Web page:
Metronome question

outlawten5

Member
Messages
2,675
I'm using the TempoPerfect metronome I downloaded for free. If the measure reads 4 and the subdivisions read 4 am I playing 16th notes for every click? Or 8th notes?
 

guitarjazz

Gold Supporting Member
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21,872
I'm using the TempoPerfect metronome I downloaded for free. If the measure reads 4 and the subdivisions read 4 am I playing 16th notes for every click? Or 8th notes?
Yes, but the 'measure' setting could be set on '0' and you'd still be hearing 16th notes. Yes, you can set to any tempo.
 

outlawten5

Member
Messages
2,675
So for reference... When someone says they practice a scale at 100 bpm, do most people actually mean they are playing the scale as 8th notes or 16ths. As an example I always have it set to 16ths and can do most 3 note per string scales at 85bpm. But each note is actually a 16th
 

guitarjazz

Gold Supporting Member
Messages
21,872
Let's forget about 'most people'. Musicians use the metronome for control and evenness... probably less for speed. Thus:
1. pick a tempo, say 85
2. you should be able to play whole notes, half-notes, 8ths, 8th triplets, sixteenth note and perhaps finer subdivision.
As far as the metronome goes you are certainly good to put subdivision on '4' for sixteenth but then put it on zero...and play the 16th without having to hear them from the metronome.
Nice app!
 

JonR

Member
Messages
15,015
So for reference... When someone says they practice a scale at 100 bpm, do most people actually mean they are playing the scale as 8th notes or 16ths.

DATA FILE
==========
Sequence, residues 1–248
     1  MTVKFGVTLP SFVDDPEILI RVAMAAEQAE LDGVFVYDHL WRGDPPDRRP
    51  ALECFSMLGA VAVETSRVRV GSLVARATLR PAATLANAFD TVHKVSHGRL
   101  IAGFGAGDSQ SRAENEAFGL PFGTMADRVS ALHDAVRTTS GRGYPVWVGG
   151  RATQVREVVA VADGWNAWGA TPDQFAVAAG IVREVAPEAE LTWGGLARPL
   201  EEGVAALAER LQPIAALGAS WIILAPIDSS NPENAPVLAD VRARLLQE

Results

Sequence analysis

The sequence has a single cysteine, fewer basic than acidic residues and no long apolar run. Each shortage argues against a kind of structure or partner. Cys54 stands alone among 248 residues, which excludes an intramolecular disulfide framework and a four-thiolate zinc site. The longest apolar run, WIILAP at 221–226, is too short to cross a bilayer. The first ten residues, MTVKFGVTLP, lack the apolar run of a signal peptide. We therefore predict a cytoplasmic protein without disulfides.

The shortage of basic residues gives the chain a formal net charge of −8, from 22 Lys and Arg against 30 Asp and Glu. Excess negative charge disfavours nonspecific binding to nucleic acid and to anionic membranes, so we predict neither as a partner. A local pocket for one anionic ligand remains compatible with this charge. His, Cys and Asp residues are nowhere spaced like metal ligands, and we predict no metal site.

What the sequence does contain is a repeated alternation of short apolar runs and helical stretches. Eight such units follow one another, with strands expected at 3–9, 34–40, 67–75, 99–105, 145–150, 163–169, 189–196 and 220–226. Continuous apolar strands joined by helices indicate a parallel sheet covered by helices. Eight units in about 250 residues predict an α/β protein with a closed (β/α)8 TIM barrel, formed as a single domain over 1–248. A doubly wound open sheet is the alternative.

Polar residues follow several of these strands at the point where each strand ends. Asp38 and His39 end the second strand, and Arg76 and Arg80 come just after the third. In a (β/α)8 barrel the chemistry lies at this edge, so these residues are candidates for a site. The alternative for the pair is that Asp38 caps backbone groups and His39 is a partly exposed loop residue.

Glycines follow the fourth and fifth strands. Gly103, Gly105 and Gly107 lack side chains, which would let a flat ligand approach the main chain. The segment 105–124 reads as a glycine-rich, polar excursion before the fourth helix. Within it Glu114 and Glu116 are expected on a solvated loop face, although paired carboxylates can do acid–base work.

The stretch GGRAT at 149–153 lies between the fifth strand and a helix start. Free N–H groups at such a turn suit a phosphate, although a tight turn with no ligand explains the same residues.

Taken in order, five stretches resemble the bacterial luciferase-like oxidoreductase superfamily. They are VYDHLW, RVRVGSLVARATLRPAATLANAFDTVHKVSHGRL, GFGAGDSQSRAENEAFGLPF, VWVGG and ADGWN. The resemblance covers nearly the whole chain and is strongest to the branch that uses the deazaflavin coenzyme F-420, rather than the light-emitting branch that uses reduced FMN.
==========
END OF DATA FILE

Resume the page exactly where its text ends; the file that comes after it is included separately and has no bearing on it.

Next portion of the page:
If they don't say, who knows? I'd guess the most common way of playing scales is in 8ths. But if anyone is making a claim about speed (notes per second), they obviously need to specify.

Speed, of course, is not important. If you can play 16ths at 85 bpm, that's reasonably fast (IMO - but insanely slow for a shredder!), but what matters is cleanness and evenness of articulation: every note clear, dynamically even, and legato (and I don't mean using hammer-ons and pull-offs, I mean all picked but with no gaps between the notes).
Don't practice for speed - practice for precision and control; and use the metronome to practice your time-keeping, not your speed. That will mean you eventually slow the metronome down to make it harder, not speed it up.
The more you play, the faster you'll get anyway, without trying. (I mean the more flexible your hands will get, so they are capable of speed when you need it.)
 




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